American Society for Eighteenth-Century Studies

The American Society for Eighteenth-Century Studies is an interdisciplinary group dedicated to the advancement of scholarship in all aspects of the period . . . from the later seventeenth through the early nineteenth century.

Established in 1969, the American Society for Eighteenth-Century Studies advances study and research in the history of a time that has profoundly influenced our world. ASECS is a pioneer in interdisciplinary investigation, and it therefore welcomes as members those working in all areas of scholarly inquiry pertinent to eighteenth-century studies.

2018 ASECS Annual Meeting, Orlando FL

March 22-25, 2018



Summer 2017 News Circular

Tax Legislation Under Consideration by Congress

Tax legislation under consideration by Congress would designate graduate tuition waivers as taxable income. Although ASECS members will agree or disagree with many components of this wide-ranging and complex legislation, learned societies with which ASECS is affiliated, including the American Historical Association, the Modern Language Association, and the College Art Association, have issued statements or contacted their members with concerns about the impact of this particular provision. More information about the proposal to tax graduate tuition waivers is available on the blog of the National Humanities Alliance. ASECS urges its members to learn how this proposed legislation could create an unsupportable burden for our graduate student members while preventing future generations from navigating the financial pathways of graduate education—and, if they share this concern, to contact their members of Congress.

ASECS Executive Board Statement on Harassment and Abuse (10 November 2017)

Along with fellow members of ASECS, the Executive Board read with horror Professor Seo-Young Chu’s essay "A Refuge for Jae-in Doe: Fugues in the Key of English Major," published in Entropy on November 3, 2017, which detailed her rape and abuse at the hands of the late Stanford University Professor and ASECS member Jay Fliegelman. Last year, when this incident was brought to the Society's attention, we contacted Professor Chu, and with her permission brought to the ASECS Board and the Graduate Student Caucus, which confers our Graduate Mentorship Award, a proposal to remove his name from this award. The letter Professor Chu addressed to the Board, and which she has now published, moved us deeply. The proposal was accepted unanimously and the name immediately removed from the award. The Board deeply regrets the pain caused to Professor Chu, and perhaps to others, with the initial naming of the award. Professor Chu’s extraordinary courage in bringing the details of her experience to public attention now allows us to make clear the reasons for the name change, and we are grateful that she has called upon our Society more fully to address the problem of harassment and other forms of predatory behavior.

The ASECS Board unequivocally condemns all forms of harassment, discrimination, and abuse, including mistreatment based on sex, race or status. In the months ahead we will be developing policies for incorporation into our bylaws that make clear that harassment and discrimination of any kind will not be tolerated. This process will require the commitment of our entire membership to join together in a firm endorsement of our standards and values. On behalf of our Society, we accept this charge, and we thank Professor Chu and our colleagues for their eloquence and passion in urging us forward.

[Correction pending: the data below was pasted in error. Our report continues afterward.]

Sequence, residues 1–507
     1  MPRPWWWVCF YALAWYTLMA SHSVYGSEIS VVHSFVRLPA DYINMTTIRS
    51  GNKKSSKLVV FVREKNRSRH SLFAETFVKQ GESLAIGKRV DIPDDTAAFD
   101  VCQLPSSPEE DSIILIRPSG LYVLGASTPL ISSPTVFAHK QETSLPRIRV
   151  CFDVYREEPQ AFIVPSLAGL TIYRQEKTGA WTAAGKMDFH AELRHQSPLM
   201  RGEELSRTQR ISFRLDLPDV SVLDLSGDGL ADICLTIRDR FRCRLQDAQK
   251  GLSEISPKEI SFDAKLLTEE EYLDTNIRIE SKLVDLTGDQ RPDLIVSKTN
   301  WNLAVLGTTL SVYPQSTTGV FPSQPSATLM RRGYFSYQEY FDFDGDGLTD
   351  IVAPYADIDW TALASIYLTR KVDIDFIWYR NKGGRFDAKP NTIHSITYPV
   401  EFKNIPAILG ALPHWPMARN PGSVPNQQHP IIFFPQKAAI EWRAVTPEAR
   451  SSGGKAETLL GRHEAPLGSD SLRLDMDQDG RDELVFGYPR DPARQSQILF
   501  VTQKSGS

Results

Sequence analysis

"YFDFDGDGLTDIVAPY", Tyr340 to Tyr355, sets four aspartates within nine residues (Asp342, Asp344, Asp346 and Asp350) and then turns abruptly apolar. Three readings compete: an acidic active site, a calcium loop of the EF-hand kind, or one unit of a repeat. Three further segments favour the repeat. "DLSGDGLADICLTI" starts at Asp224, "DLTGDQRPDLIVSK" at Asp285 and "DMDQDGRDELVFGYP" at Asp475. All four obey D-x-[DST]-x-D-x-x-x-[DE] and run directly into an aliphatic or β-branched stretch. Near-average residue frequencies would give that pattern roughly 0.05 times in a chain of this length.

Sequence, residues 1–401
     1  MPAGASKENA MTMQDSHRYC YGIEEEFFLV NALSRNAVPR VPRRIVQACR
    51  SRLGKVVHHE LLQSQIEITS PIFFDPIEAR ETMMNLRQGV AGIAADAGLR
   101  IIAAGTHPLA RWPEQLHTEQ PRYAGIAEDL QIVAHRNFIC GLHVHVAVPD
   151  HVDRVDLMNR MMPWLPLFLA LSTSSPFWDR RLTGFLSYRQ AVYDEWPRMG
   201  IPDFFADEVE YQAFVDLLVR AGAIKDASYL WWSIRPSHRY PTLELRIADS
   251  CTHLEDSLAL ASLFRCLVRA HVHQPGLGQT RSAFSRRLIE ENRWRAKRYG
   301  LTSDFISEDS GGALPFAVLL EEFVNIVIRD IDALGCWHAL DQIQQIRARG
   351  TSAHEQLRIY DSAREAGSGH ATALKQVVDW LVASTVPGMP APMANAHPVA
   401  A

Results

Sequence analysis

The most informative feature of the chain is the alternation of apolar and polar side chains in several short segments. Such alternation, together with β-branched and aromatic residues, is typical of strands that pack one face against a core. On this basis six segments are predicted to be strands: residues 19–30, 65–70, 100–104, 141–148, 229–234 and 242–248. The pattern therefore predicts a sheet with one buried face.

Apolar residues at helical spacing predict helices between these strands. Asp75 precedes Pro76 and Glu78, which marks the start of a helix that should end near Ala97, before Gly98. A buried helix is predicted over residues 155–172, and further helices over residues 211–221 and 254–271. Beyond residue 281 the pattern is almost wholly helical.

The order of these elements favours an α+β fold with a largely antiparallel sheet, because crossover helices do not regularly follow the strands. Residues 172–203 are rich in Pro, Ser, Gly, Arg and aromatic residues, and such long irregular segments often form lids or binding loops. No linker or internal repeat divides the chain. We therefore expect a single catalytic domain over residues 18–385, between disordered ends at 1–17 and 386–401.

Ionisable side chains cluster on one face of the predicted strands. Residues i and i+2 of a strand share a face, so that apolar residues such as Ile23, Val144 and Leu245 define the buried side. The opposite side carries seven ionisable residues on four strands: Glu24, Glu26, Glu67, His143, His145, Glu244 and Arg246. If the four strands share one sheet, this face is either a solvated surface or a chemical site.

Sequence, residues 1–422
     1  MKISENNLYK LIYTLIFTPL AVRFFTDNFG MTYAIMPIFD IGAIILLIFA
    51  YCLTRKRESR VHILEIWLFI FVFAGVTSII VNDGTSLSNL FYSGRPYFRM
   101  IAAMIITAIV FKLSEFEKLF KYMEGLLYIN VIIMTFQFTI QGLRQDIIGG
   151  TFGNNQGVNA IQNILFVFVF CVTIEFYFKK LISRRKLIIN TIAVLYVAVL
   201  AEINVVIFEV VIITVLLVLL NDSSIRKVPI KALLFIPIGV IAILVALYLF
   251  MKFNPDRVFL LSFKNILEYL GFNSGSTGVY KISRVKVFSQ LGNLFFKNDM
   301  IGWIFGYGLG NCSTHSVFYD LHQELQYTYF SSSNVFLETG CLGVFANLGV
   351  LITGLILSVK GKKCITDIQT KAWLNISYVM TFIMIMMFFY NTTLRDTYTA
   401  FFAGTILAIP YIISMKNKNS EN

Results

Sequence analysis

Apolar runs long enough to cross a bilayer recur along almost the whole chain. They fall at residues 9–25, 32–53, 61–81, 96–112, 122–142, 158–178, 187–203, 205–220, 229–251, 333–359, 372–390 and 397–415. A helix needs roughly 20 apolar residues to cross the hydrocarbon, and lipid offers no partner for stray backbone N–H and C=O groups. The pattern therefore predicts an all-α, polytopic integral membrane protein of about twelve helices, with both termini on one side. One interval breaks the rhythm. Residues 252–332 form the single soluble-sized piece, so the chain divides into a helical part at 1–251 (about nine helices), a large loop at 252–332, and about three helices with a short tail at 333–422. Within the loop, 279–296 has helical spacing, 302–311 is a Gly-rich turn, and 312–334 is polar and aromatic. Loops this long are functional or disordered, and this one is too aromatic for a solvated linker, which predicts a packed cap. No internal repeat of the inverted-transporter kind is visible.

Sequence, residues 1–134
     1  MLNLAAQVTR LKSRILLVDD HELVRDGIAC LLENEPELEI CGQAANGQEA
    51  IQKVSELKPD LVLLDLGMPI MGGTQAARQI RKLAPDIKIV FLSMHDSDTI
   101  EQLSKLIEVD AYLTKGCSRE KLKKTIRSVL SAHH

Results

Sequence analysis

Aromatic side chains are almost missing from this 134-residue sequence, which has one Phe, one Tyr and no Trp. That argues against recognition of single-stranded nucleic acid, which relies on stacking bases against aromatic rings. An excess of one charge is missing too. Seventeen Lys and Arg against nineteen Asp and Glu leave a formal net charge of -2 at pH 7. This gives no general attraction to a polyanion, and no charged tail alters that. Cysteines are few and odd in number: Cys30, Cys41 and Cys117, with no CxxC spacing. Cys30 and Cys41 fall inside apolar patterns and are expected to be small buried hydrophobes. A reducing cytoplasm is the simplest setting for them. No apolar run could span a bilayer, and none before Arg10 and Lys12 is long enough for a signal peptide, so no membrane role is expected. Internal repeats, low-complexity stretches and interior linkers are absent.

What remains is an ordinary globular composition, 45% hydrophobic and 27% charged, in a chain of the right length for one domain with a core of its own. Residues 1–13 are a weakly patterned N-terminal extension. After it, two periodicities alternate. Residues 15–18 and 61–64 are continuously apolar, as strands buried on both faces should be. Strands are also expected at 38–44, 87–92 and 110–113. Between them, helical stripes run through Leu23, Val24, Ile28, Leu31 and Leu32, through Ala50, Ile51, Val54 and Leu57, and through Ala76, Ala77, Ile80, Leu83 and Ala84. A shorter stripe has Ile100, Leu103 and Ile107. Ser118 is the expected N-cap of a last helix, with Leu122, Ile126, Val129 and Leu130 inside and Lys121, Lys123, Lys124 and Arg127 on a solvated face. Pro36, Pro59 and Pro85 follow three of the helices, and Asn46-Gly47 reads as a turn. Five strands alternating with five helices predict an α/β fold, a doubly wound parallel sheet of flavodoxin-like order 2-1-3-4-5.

Executive Board of the American Society for Eighteenth-Century Studies

Susan S. Lanser, President

Dena Goodman, Past President

Melissa Hyde, First Vice President

Jeffrey S. Ravel, Second Vice President

Jill Bradbury, Treasurer

Lisa Berglund, Executive Director

Jenna M. Gibbs, Member at Large

Julia Simon, Member at Large

Lisa Freeman, Member at Large

Tony C. Brown, Member at Large

Mary Terrall, Member at Large

Misty G. Anderson, Member at Large

The statement can also be accessed here:

  • ASECS Statement on Harassment and Abuse
  • ASECS Position Statement - Immigration Ban (February 2017)

    The American Society for Eighteenth-Century Studies unequivocally condemns as both unAmerican and unEnlightened the administration’s Executive Order suspending entry of refugees into the United States and blocking entry to citizens of seven predominantly Muslim countries even when they hold visas. As scholars of the era in which the United States was founded and its core principles of equality and justice established, as intellectuals committed to free inquiry, and as educators who recognize that the contributions of students and colleagues from around the world foster our highest intellectual values and promote our highest goals for achieving knowledge and understanding across national, ethnic, and religious boundaries, we call upon government officials to reverse this order and restore the principles that have guided this nation for more than two centuries. In this difficult and divisive time, we rededicate ourselves to principles of inclusion within our own Society and extend our support to those who are directly affected by these and other discriminatory practices including those by our own government. Our commitment to open and respectful intellectual exchange among people with differing and varied perspectives, which is another of the Enlightenment’s great legacies, is reaffirmed each year in our annual meeting. Should any member of ASECS be barred from entering the United States to attend our annual meeting, ASECS is committed to providing an alternative method for presenting their work.


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    American Society for Eighteenth-Century Studies
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    Updated December 13, 2017